Wednesday, April 15, 2015

Living on the edge: A geological primer of Hocking Hills

Rock bridge Hocking Hills Wes Supper
Rock Bridge, Hocking Hills
The Hocking Hills region is a stunning anomaly.  Chockablock full of magnificent gorges and waterfalls, outlandish cliff sides, rock formations, and rare plants and animals that would require a hundred miles of travel just to find another one like it.  You see, the Hocking Hills region is unique because it always seems to find itself perched right on the edge.

The actual rock itself, is a type of sandstone, made up of different particles that were once floating along in rivers and streams.  As those rivers and streams entered a shallow sea, they slowed down, and the particles began to settle to the bottom.   Back then the Hocking Hills area had more of a coastal feel to it, right on the edge of a large body of water.  To be fair, this was a while back.  In fact we’re talking before dinosaurs!  Over time, that sediment compressed and developed in layers of rock several hundred feet thick. 

Over time the fickle earth changed its mind and the area was no longer near any kind of sea whatsoever.  The only water, fell from the sky and began to traverse across the surface, slowly eating into and eroding the very sandstone it had helped put there in the first place! 

Now imagine making a concrete sandwich, with the buns having plenty of mortar, AKA glue to hold everything together, while you skimped on the mortar with the burger, so it kind of falls apart easier than the buns when it gets wet.  Well that’s similar to the making of this sandstone rock, which is why recessed caves are a prominent feature of the Hocking Hills.  (Think concrete sandwich with only half the meat gone.)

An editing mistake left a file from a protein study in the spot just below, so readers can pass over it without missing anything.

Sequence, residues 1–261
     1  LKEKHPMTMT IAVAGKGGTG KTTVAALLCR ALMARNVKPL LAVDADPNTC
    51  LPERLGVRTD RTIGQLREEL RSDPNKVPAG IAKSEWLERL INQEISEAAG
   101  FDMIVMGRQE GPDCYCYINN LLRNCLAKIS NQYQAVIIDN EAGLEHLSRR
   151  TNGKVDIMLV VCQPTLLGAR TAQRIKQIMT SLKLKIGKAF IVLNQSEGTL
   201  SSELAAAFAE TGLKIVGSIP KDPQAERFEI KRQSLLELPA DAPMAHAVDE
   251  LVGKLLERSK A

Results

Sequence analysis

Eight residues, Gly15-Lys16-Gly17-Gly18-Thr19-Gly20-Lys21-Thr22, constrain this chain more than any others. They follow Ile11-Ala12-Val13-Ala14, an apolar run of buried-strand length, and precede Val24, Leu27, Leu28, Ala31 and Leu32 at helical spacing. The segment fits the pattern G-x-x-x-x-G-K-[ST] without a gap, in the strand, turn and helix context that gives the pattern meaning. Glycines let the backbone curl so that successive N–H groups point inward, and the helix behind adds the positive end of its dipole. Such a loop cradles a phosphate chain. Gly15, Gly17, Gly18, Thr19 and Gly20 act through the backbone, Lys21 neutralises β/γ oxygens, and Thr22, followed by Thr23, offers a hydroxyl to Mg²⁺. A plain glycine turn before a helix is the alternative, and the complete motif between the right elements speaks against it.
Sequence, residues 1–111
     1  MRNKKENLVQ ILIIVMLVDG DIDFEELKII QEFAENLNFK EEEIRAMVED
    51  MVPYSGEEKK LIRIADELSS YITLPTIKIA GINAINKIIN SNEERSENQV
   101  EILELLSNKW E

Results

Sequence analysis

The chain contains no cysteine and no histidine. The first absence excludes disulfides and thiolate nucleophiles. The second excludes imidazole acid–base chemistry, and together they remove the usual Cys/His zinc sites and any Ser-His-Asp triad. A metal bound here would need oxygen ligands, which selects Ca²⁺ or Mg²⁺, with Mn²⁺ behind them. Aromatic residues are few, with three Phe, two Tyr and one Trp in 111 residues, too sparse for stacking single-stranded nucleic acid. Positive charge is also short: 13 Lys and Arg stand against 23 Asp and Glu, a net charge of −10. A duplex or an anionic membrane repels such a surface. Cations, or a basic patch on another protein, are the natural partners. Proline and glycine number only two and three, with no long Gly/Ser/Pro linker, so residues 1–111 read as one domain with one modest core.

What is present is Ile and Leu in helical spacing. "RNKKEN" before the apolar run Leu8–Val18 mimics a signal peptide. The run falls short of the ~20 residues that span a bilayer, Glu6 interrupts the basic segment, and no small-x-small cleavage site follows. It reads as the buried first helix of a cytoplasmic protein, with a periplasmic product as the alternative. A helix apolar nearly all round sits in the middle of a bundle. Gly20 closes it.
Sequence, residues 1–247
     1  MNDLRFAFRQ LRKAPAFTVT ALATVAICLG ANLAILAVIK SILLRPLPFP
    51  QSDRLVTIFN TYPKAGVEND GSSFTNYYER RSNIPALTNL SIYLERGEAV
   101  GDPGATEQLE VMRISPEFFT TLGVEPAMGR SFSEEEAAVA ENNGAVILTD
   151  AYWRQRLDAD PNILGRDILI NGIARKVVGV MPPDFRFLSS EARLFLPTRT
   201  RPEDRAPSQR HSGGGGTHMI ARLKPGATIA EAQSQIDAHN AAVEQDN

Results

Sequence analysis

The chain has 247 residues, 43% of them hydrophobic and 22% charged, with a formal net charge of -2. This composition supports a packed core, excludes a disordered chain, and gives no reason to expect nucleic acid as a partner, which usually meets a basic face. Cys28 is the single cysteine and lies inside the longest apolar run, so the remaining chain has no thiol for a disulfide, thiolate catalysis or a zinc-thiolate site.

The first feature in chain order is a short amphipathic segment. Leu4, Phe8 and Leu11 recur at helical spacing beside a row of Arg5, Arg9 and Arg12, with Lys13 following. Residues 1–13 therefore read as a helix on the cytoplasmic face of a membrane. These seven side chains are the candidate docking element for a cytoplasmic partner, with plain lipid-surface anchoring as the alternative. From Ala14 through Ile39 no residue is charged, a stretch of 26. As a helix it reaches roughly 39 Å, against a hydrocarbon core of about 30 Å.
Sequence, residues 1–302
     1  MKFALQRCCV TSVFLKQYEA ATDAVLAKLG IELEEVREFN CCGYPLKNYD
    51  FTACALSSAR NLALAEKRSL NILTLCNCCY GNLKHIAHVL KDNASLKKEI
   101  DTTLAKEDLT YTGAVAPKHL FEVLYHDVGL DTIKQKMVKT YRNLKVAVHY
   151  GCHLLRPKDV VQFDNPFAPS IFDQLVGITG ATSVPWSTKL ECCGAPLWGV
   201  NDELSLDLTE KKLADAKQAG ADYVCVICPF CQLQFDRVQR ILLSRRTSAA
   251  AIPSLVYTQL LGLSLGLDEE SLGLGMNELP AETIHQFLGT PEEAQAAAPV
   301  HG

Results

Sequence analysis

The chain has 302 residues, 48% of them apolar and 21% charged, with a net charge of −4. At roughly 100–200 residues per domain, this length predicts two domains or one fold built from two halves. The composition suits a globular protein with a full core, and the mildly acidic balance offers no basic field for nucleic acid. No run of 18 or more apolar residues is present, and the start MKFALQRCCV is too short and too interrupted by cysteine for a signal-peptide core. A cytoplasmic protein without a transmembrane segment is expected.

Glaciers in Hocking Hills

Fast forward geologic time and the once flat coastal area of the Hocking Hills had developed nooks, crannies, peaks, and valleys, though we wouldn’t recognize the place… yet.  Long after the dinosaurs had come and gone, Canada got such enormous amounts of snow dumped on it that it began to squish out from the sheer weight and volume, and glaciers started to ooze to the south.  In fact the last one almost reached Hocking Hills State Park, but not quite. Once again, right on the edge, as a finger of it slid past Laurelville and made it about halfway to South Bloomingville, before giving up and returning home where it was colder.

As that glacier slowly retreated, it did something very important.  It melted. As it melted it left behind souvenirs of its journey.  Stuff got caught up in it or pushed along by it as it traveled south.  Stuff like sand, clay, seeds, and the like.   Additionally, with the glaciers big thaw, came lots of water and the erosion of the sandstone went on a serious bender!   

The gorges got deeper.  The waterfalls got bigger.  Water percolated through the porous sandstone and just like it does on our roads during the winter, popped out pebbles and created “potholes” in the roofs and walls of canyons, and continues to do so even today.  

 In some places, it did the opposite, perhaps nostalgic for its coastal days, the stuff once caught up in the glacier began to settle to the bottom and accumulate.  Imagine filling in the Grand Canyon with silt and sand. Today the Hocking River actually flows across the surface of something just like that as it makes its way through the Hocking Hills.  You can get up close and personal with these outwash terraces on the right banks of the wide sweeping left hand turn about halfway between our Trip A and our Livery.  Proof positive that the locals here in the Hocking Hills are living on the edge!


Geology of Hocking Hills State Park region, Hansen 
Ice Age in Ohio, Hansen  
Glacial Map of Ohio, ODNR 
Another Blog on Hocking Hills Geology 

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